The Constitution’s brilliant system of checks and balances does a remarkable job of insulating and slowing the weathering of freedoms that plagued earlier democracies and republics, but it is not invincible. No sooner had the ink dried on the ratifying signature of the Constitution than Satan began enlisting his servants to batter against and undermine the foundational principles of freedom on which our country and its Constitution are founded. Speaking of this, Ezra Taft Benson said, “For the past two centuries, those who do not prize freedom have chipped away at every major clause of our Constitution until today we face a crisis of great dimensions” (The Constitution—A Heavenly Banner, 16 Sep. 1986, BYU Devotional).
The great enemy of freedom is predictable. Education, or the lack thereof, was an effective tool of oppression before, and it continues to be so today, but there’s a new twist this time. Rather than restrict knowledge altogether, he has succeeded in restricting only certain types of knowledge. Yes, we live in the information age, but the shear volume of information at our fingertips leaves us with the false impression of being informed. Quantity blinds us to the absence of quality and to the fact that we are being shielded from fundamental truths and principles. It is no accident that American History, the reading of classical literature, and the study of Constitutional principles have slowly been edged out of our schools’ curriculum. As a result, we find ourselves in the precarious position of drifting from our morals, principles, and values like those lost civilizations of old. Without understanding fundamental principles of freedom, we are blinded to the oppression and government overreach of our day. We have lost freedoms, and many of us do not even realize it. Some of us may have even applauded it when it happened.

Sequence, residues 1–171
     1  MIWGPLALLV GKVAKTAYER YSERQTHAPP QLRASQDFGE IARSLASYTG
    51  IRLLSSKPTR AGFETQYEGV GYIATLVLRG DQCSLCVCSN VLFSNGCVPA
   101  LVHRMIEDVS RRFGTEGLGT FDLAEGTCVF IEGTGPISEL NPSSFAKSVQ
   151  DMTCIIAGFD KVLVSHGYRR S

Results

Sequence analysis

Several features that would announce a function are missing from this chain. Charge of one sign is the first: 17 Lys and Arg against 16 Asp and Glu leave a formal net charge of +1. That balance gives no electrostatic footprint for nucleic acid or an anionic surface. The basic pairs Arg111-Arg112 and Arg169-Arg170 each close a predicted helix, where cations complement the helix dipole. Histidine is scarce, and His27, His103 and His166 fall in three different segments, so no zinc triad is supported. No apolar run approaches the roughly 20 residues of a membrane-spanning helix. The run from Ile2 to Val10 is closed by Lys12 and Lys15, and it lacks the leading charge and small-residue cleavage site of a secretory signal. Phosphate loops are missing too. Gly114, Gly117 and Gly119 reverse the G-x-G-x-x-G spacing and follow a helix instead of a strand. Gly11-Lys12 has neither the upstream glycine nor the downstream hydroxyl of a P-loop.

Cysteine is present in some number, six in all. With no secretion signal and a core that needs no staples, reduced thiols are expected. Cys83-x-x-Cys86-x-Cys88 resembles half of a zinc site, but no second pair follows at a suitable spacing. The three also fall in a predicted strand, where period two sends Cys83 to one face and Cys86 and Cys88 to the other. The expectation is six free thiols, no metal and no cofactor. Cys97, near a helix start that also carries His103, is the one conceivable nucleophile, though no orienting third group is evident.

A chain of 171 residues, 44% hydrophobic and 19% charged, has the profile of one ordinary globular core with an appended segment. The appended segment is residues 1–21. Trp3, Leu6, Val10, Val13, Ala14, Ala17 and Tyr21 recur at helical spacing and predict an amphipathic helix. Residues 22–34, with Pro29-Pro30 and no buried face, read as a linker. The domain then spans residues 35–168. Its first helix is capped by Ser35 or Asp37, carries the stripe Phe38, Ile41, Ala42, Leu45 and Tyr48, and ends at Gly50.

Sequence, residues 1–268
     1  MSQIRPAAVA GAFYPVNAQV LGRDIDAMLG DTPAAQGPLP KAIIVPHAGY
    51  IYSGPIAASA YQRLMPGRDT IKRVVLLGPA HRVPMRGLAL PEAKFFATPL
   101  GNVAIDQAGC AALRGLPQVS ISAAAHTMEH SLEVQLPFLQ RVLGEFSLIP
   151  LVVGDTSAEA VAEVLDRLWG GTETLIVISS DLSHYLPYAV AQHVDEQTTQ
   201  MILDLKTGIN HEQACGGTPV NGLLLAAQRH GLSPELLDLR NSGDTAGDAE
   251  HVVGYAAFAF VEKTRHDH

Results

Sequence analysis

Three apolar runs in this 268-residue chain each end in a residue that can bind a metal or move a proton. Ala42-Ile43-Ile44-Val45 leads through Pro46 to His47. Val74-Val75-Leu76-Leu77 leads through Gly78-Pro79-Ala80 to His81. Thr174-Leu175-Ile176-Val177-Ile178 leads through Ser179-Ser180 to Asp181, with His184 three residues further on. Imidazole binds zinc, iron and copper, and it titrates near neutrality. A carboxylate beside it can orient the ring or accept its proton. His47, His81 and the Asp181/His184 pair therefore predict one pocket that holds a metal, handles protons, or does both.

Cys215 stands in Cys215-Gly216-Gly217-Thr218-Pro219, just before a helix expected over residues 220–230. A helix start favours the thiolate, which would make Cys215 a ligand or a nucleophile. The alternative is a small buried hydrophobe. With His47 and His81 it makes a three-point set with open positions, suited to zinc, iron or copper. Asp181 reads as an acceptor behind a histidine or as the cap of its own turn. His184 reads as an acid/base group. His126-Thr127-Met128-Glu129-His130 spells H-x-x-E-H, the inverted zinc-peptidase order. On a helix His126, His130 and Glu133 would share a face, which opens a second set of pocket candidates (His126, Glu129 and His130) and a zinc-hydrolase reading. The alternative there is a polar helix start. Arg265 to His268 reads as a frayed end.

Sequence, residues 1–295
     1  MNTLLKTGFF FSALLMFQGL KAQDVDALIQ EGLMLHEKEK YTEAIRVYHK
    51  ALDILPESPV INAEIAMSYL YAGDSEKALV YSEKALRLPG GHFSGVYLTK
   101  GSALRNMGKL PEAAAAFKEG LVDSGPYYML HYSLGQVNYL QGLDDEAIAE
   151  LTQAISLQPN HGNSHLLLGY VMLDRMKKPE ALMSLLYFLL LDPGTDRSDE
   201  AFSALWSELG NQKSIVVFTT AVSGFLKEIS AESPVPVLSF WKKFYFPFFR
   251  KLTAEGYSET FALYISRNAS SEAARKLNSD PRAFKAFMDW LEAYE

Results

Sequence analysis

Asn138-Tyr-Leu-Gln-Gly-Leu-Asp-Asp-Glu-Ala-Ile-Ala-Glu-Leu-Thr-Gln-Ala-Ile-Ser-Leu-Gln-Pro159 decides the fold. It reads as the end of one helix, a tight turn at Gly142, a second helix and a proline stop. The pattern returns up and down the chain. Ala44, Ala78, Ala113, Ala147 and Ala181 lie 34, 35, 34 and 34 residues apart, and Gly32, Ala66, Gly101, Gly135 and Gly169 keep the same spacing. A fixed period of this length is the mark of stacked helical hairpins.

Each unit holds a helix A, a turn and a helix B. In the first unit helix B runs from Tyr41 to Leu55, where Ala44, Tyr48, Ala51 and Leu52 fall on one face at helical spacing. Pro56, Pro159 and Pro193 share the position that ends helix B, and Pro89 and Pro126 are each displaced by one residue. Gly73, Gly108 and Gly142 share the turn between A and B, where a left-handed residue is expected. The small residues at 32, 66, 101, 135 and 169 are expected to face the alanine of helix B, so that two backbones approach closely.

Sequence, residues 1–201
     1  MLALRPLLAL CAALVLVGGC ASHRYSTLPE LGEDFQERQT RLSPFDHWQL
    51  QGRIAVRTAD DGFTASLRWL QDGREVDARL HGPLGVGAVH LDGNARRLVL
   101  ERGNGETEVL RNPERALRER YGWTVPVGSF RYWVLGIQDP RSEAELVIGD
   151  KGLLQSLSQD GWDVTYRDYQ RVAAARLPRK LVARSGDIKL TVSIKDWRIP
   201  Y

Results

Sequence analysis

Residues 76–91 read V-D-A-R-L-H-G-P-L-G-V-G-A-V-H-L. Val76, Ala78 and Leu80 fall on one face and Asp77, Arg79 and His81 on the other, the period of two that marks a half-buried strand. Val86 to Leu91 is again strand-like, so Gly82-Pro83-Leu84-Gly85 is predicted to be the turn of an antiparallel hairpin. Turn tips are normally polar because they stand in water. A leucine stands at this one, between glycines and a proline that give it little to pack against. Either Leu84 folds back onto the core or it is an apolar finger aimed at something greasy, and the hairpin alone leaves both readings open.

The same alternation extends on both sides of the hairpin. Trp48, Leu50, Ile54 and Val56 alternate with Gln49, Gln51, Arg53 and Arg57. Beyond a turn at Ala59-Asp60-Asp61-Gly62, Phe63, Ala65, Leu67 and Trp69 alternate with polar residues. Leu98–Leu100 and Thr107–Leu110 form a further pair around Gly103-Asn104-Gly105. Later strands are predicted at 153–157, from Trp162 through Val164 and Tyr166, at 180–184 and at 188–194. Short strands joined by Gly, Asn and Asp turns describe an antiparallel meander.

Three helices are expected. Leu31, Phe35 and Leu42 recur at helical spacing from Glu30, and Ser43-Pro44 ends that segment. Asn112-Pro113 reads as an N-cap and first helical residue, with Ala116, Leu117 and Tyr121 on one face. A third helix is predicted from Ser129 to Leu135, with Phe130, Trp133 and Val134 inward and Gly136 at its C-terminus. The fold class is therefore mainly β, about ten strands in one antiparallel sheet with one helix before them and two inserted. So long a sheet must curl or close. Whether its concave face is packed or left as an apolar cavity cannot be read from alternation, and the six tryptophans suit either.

What we need is a Constitutional revival. We need desperately to understand the Constitution and the principles of government that it embodies, and our children need to understand it because they are the future leaders of our nation. We and they need to be empowered to analyze current issues and determine whether they promote or undermine freedom, not based on what is popular but based on the application of timeless principles of government. Education is how we get there and how we bring about this much-needed revival. Abraham Lincoln eloquently expressed this when he said, “Let [the Constitution] be taught in schools, in seminaries, and in colleges; let it be written in primers, spelling-books, and in almanacs; let it be preached from the pulpit, proclaimed in legislative halls, and enforced in courts of justice. And, in short, let it become the political religion of the nation” [Complete Works of Abraham Lincoln, ed. John G. Nicolay and John Hay, vol. 1 (New York: Francis D. Tandy Co., 1905), p.43].
I want to do my part to bring about this revival and spread Constitutional truths throughout our communities, our schools, and the country. We teach our students these principles at Liberty Youth Academy, and many private schools and home schools around the nation do the same, but we also want to help spread this message and these concepts to those who are no longer in school. To that end, in future blog posts we will explore Constitutional principles based on the following key assumptions:
The Constitution is inspired of God and
It’s Founders were imperfect men of faith that God raised up and inspired to bring it about.
Please read these articles and share them. As you learn these principles, apply them to contemporary issues. Decide for yourselves if what the government is doing today is strengthening or eroding the freedoms purchased as such a steep cost. Then go and do something about it.